But that, in a nutshell, was the Super Monaco Grand Prix coin-op. Superlative graphics combined with frenetic action. Not a great deal of longevity, as there were only three laps to go through - but despite this it was one of those arcade machines that got surrounded by crowds of people, all waving their one pound note and shouting "Me next!". Fights were not uncommon. So how has the action transformed to 16-bit restricted memory home computers? Read on, clot.
Dunc: Well, well, well. This is a turn up for the books. When I heard that Super Monaco Grand Prix was coming out on 16-bit, I thought "Blimey, that's going to be crap!". I was expecting a frame update of somewhere about the eight per minute mark - given the amount of trackside scenery bitmaps that would have to be shifted around. But fortunately I was wrong.
The game really does fly towards you smoothly. However, that's because the scenery's been reduced a bit. But that doesn't mean that it's sparse. Far from it. Tall buildings, trees, lamp-posts, piles of tyres and road direction signs come hacking at you thirteen to the dozen.
But enough about the animation, what about the game itself? After all, what works in an amusement arcade doesn't necessarily work on a home computer. Take Hard Drivin' for instance - two tracks and a time limit. Finish both and that's it, no incentive to return. So Super Monaco's single track was going to be much of the same. Guess what though? The computer game version is different in this respect. There isn't just the one course, there are four of them, and as you have to race over each of these twice (once in dry conditions and once in wet conditions) you can sort of read eight courses (seeing as the handling of the car is quite different in the wet).
To get to race at Monaco, you've got to first of all get good placings on the three previous tracks. First off (after choosing automatic transmission, four speed or seven speed) you get your preliminary race, of about half a lap, which is just you on your own against the clock. This determines your grid position (from one to sixteen). Then it's 'ready, steady go' time as you try to become number one.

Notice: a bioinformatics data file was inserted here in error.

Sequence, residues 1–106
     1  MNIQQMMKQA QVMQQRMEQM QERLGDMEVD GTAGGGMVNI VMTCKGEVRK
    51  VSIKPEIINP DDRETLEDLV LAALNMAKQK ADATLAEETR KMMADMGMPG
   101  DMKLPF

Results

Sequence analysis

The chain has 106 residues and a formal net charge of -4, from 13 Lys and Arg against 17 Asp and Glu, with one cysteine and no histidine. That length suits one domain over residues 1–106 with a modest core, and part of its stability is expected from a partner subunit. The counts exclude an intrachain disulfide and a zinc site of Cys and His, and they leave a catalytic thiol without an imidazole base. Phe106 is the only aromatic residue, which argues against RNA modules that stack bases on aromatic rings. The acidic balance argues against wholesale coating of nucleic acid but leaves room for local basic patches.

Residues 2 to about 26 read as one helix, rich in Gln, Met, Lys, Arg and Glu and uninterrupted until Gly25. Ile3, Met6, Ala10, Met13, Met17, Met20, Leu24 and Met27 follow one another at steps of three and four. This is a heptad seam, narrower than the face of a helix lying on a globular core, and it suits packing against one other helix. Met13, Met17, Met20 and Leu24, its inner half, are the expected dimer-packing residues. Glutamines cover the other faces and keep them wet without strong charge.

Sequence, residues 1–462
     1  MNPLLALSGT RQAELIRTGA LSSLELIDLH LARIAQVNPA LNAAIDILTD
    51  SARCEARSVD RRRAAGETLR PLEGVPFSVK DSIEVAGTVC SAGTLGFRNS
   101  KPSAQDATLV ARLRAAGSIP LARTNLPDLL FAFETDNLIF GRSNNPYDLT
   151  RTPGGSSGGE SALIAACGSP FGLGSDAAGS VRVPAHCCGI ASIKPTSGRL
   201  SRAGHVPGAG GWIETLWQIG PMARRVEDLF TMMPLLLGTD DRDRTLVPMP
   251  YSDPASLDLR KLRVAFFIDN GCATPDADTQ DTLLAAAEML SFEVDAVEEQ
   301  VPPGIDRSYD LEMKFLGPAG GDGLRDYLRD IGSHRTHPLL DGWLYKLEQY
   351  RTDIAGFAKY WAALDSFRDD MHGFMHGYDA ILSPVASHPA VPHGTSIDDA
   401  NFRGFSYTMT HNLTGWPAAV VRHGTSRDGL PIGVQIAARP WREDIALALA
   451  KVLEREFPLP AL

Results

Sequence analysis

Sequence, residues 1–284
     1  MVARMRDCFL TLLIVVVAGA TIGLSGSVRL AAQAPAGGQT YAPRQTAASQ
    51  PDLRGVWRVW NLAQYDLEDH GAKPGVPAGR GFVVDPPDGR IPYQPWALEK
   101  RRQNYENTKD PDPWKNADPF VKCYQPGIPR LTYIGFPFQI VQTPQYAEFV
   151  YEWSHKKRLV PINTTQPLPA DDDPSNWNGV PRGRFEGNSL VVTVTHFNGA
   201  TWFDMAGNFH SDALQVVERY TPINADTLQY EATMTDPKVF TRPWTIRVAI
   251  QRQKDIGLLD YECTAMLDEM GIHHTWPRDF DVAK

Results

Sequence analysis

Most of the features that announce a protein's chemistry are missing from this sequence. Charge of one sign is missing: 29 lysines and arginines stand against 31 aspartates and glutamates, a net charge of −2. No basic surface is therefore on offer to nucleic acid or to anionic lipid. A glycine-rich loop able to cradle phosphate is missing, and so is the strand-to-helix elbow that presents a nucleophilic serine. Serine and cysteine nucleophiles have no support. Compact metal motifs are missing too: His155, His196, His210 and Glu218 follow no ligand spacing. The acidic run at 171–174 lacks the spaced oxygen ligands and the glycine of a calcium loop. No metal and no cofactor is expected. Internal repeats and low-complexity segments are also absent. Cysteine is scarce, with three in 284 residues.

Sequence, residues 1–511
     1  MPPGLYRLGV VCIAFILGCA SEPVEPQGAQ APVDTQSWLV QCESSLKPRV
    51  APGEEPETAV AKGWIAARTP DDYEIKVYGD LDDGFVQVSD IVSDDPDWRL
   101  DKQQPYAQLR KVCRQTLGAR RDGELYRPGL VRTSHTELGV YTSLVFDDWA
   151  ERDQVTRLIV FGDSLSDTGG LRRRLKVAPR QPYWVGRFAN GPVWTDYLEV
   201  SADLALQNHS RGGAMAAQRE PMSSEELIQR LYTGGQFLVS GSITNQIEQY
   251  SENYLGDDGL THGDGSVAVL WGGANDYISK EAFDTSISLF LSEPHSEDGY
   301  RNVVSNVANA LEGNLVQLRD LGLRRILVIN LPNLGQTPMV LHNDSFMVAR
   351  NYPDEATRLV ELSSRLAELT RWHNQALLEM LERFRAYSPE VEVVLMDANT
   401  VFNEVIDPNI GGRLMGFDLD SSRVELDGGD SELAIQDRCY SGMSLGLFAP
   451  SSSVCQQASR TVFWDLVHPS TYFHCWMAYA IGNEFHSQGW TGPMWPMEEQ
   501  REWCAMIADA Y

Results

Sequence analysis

The action's the same as the coin-op, with you checking your mirror with one eye to determine whether or not you need to do some carving up while your other eye scans the road ahead - however, the mirror in the US gold conversion seems to have lost some of its prominence, becoming more the size of your standard car rear view mirror. I personally preferred it big, but there you go.
The backdrops aren't as stunning as the original either, although they're quite pretty as far as racing games of this genre generally go. Something else that's missing is the 'course-map' on screen as you race - you can't tell how far in front of you the leader is. Again though, this doesn't really matter that much, so no probs.
So, we get to the meaty bit. How crap/brill is the game? Well, as conversions go, the Amiga version of Super Monaco is pretty accurate to the original, and at the end of the day really rather good - although somehow, somewhere, a little bit of the 'sense of urgency' has gone walkabout - and even with the four courses the longevity is questionably, but the game should be great fun while it lasts. Not the racing game to end all racing games, but not the worst on the market by any standard.
Dunc: The ST version of the game is different to the Amiga in exactly the way you'd expect: less colour and sound, but as you're used to the ST palette and sound chip this shouldn't really bother you at all. There is one other difference, however, and that's the roadside graphics - on the Amiga the buildings are quite tall. On the ST they're a bit shorter. Who cares?